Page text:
Such a condition of resistance ratios, in connection with circuits having leakage impedances of various kinds, will perform best with lower absolute values of resistors 102, 104, 106 and 108. However, such a circuit is extremely sensitive to any source impedance imbalance on its inputs. This problem can be ameliorated with large absolute values of resistors 102, 104, 106, and 108. Therefore, it is desirable to use resistors with a low absolute value but still achieve a high effective impedance such that a high Common Mode Rejection Ratio (CMRR) is attained without seriously increasing the susceptibility of the circuit to stray electric field interference and the effects of high impedance leakage currents. Applying the present circuit to a conventional differential amplifier circuit makes this possible.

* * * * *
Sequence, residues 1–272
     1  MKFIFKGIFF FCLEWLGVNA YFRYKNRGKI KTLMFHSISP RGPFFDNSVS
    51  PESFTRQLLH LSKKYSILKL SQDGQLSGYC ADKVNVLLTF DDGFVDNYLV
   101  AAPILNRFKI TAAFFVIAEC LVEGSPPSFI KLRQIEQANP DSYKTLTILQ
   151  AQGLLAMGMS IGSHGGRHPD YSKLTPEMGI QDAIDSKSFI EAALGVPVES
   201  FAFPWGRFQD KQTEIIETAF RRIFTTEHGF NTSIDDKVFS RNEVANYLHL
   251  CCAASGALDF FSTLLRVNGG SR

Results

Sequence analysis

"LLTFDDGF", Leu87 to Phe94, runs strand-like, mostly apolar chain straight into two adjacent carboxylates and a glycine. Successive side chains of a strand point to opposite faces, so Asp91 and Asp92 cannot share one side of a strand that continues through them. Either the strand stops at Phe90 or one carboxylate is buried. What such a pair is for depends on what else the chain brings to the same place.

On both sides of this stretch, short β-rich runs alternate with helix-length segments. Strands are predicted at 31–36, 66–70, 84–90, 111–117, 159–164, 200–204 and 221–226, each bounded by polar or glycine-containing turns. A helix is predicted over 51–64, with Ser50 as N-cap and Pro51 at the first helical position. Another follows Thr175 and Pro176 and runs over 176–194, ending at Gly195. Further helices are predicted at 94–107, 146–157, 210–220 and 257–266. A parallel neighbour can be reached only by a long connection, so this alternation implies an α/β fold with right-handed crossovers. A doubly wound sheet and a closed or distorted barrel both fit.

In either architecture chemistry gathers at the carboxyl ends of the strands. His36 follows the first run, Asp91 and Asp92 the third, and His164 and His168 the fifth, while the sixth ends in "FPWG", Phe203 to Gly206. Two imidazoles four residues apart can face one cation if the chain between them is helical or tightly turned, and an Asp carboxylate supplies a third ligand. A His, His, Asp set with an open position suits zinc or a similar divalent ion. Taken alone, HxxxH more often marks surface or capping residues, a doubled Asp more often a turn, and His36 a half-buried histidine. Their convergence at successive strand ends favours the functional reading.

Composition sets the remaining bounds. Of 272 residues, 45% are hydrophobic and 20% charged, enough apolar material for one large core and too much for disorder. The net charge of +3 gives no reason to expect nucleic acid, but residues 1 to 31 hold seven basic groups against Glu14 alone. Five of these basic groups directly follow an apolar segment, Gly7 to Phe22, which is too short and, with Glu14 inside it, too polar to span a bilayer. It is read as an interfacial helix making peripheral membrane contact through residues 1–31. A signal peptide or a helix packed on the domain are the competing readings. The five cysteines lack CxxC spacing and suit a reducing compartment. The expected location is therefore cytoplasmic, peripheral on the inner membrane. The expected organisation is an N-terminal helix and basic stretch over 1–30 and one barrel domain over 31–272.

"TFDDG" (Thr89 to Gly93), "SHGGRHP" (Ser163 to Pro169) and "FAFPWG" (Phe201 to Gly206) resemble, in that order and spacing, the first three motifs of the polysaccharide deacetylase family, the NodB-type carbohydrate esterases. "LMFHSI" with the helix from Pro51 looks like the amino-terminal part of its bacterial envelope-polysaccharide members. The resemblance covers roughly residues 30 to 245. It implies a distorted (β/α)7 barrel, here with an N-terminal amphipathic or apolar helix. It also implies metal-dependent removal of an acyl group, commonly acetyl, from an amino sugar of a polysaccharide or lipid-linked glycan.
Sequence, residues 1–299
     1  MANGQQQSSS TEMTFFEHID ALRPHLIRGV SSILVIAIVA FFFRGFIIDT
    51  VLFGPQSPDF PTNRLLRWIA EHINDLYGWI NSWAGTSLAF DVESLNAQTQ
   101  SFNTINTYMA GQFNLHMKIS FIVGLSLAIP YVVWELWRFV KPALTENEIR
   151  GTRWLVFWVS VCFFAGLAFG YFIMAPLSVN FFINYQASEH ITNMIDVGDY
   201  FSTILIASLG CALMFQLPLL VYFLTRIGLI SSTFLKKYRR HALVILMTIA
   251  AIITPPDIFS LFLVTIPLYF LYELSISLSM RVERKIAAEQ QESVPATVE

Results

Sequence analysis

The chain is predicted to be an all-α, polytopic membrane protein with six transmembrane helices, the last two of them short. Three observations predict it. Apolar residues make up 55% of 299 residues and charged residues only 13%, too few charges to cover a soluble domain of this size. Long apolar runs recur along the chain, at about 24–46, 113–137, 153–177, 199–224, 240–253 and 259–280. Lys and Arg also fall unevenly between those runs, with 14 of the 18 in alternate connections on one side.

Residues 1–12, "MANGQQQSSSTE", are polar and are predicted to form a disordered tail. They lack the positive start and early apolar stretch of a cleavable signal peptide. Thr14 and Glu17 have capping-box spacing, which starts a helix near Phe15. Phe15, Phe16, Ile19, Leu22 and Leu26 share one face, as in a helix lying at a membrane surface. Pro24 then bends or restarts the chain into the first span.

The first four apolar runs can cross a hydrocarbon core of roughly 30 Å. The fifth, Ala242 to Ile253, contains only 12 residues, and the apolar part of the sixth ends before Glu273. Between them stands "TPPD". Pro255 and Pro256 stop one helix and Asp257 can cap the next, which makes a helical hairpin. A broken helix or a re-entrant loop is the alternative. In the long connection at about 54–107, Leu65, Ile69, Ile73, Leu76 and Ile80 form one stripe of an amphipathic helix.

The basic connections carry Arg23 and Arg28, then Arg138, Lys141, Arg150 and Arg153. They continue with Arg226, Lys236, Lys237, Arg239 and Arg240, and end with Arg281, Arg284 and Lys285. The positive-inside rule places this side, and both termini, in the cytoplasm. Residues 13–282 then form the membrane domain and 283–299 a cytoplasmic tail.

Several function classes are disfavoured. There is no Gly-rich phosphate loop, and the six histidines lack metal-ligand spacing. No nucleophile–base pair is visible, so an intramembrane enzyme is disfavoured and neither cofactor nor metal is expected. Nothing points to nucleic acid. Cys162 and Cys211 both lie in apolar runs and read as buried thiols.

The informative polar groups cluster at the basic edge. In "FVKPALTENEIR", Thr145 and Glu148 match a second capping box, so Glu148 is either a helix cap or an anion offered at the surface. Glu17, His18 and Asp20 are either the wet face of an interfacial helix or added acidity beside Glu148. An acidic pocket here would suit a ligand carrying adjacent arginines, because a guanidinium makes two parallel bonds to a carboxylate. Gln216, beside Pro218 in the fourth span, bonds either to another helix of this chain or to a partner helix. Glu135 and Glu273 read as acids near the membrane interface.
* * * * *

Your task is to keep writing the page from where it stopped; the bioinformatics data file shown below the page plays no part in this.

Referring to FIG. 6, a VCVS circuit 20 is formed with an operational amplifier 110 and gain control resistors 112 and 114. The circuit of FIG. 6 further includes a first resistor 116, a second resistor 118, a third resistor 120 and a fourth resistor 122. The first resistor 116 and the second resistor 118 form a first series circuit which is coupled in parallel with a second series circuit formed with the third resistor 120 and fourth resistor 122. The input of the VCVS circuit 20 is coupled to the junction of the first resistor 116 and the second resistor 118. The output of the VCVS circuit 20 is coupled to the junction of the third resistor 120 and the fourth resistor 122. The driving impedance element 26 in this case is formed from the third resistor 120 and the fourth resistor 122. The first resistor 116 and second resistor 118 present a dynamic voltage proportional to the common mode input voltage to the VCVS 20. The inputs of the differential amplifier circuit, which represent the subject impedance (Z.sub.a), are coupled to the resulting parallel circuit.